• Bias and inclusion. Bias is a source of error. Humans are extremely biased in their decision making process as well. If you are interested in this topic I recommend the book “Thinking, Fast and Slow” by Daniel Kahneman. Machines are also biased by the data that they are trained on. If there are not enough examples covering the entire distribution of inputs, say not enough women represented in a sample, then the AI will not be good at modeling those missing elements. No model is without bias, but by being aware of the model’s limitations, we can work towards an acceptable compromise.
  • How to handle errors. Both humans and machines can be wrong in their decisions. In the case of a medical error, for example, there is insurance. If a doctor makes the wrong diagnostic he may be sued for malpractice. What happens if an AI agent makes the wrong diagnostic? You may also consider that blood tests and other medical tests are not 100% accurate and there is always a risk. The way we deal with this situation today is we assign someone to be ultimately responsible for the decision, the doctor, the lab technician, or the person supervising the AI, for example. However, the law needs to be extended to include certain use-cases where the “supervisor” is not clearly defined.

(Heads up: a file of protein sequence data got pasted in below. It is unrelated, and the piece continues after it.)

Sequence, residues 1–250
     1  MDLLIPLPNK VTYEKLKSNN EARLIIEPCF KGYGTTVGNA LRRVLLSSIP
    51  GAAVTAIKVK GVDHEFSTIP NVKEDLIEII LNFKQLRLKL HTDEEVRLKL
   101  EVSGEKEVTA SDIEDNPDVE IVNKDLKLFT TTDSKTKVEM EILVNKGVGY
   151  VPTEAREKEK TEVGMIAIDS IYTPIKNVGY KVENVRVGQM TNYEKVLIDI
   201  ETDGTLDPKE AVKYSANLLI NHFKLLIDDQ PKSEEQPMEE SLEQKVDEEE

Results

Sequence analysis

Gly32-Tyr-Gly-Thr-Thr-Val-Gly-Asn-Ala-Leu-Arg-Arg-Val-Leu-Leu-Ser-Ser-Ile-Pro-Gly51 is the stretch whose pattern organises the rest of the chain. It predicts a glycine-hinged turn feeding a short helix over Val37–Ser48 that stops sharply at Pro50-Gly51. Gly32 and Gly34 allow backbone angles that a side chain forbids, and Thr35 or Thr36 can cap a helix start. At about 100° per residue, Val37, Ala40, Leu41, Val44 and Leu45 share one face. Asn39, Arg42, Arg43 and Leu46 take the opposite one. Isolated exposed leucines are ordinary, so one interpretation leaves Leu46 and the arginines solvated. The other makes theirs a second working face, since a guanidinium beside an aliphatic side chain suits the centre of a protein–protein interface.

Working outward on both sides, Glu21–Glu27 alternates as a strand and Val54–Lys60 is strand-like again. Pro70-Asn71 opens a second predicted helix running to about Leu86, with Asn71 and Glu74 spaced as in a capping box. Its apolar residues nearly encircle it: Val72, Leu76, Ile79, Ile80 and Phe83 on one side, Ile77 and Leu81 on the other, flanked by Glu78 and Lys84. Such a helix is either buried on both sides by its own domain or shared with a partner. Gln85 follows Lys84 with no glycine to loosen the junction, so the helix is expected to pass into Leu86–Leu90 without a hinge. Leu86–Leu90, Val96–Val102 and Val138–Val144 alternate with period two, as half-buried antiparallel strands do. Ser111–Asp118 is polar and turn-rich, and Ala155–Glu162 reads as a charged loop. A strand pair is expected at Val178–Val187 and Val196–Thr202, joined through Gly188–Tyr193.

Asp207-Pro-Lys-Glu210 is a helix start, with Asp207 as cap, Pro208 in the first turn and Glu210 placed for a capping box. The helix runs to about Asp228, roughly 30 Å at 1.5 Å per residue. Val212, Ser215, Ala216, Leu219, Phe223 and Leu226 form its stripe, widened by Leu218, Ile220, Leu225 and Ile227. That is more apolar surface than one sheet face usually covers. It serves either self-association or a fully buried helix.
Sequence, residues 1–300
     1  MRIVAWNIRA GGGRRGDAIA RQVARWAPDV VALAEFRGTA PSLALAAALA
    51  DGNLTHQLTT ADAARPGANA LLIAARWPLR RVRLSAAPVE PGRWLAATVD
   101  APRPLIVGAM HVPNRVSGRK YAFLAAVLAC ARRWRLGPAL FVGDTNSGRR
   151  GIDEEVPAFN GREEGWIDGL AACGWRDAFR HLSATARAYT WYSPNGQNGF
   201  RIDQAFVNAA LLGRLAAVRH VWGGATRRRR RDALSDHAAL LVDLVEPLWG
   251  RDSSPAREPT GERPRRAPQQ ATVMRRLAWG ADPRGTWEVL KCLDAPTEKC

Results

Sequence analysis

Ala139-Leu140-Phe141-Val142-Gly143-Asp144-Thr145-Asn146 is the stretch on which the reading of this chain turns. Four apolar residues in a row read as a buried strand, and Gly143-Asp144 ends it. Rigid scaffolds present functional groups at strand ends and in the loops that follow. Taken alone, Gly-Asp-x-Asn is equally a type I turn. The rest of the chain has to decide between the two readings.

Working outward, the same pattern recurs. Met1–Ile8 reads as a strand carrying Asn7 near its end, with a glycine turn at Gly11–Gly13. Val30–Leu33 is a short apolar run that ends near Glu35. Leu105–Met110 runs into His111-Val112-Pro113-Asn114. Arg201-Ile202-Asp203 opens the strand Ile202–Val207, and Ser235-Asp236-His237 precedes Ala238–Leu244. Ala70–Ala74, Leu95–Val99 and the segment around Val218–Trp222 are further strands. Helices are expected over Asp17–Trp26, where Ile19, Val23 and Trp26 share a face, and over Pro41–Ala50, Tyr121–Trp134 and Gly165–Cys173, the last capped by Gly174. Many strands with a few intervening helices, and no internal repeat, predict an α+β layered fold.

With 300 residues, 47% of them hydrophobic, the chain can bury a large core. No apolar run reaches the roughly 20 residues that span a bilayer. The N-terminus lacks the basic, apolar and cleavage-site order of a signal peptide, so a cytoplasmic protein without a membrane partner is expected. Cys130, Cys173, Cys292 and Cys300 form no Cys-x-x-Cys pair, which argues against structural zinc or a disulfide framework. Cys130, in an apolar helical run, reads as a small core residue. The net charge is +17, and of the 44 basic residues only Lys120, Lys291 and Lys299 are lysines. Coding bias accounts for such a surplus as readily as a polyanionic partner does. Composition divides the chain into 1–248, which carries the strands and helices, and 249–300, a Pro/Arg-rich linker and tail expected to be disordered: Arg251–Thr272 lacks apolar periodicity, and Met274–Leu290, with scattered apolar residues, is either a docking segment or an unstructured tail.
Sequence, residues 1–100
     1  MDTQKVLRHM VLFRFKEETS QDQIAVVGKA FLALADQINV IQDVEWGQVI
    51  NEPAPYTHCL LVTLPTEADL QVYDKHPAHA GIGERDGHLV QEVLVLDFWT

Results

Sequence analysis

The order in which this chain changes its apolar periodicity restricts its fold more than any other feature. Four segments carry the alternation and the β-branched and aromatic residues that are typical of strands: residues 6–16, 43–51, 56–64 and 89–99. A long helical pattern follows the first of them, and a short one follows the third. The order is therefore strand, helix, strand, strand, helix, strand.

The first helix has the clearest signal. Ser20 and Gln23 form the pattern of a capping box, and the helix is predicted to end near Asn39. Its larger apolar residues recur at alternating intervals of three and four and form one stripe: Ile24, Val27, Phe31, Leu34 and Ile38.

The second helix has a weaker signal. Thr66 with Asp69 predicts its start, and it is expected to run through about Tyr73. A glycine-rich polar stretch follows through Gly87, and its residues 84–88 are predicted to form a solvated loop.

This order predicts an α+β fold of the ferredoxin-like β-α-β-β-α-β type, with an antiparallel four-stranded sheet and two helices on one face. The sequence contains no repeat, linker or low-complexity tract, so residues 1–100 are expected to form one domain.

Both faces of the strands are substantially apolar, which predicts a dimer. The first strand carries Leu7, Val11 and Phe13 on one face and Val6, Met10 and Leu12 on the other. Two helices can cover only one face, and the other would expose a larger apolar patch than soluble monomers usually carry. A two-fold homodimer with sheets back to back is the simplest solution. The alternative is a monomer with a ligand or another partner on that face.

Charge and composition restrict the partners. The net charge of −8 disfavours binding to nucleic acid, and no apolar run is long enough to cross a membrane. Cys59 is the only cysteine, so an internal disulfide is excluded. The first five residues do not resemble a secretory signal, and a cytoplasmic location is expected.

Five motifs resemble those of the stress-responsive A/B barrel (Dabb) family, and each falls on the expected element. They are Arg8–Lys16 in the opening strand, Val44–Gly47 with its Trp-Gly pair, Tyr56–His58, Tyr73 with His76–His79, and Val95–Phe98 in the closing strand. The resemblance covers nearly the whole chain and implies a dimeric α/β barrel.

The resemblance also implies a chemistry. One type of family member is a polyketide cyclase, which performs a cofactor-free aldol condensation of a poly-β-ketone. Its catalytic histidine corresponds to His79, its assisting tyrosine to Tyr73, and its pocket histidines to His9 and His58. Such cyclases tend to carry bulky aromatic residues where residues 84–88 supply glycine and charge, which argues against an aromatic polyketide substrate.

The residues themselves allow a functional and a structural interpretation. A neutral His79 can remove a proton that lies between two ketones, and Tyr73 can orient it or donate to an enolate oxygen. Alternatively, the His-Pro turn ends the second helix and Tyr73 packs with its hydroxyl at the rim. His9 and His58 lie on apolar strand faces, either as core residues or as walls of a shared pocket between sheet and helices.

Educational Links:

Elements of AI (online reading course, LiU):

AI for Everyone (online video course, Coursera):

Human-Centered Machine Learning (podcast, HH):

Machine Learning Crash Course (online video course, Google):

Halmstad University:

inUse course Human-Centered AI:

Halland Tech Meet – Session 2
Halland Tech Meet – Session 3


What is AI.m? Here you can read more about Halmstad Universitys and HighFive's new project where human-centered AI is the focus.


To make this project possible we have formed a network of exciting individuals with different competences and backgrounds.


Here we present interesting articles, analysis and educational information in regards to artificial intelligence and service innovation.


A number of companies have already gone through our process and here you can read what they have to say about what it was like and what they got out of it.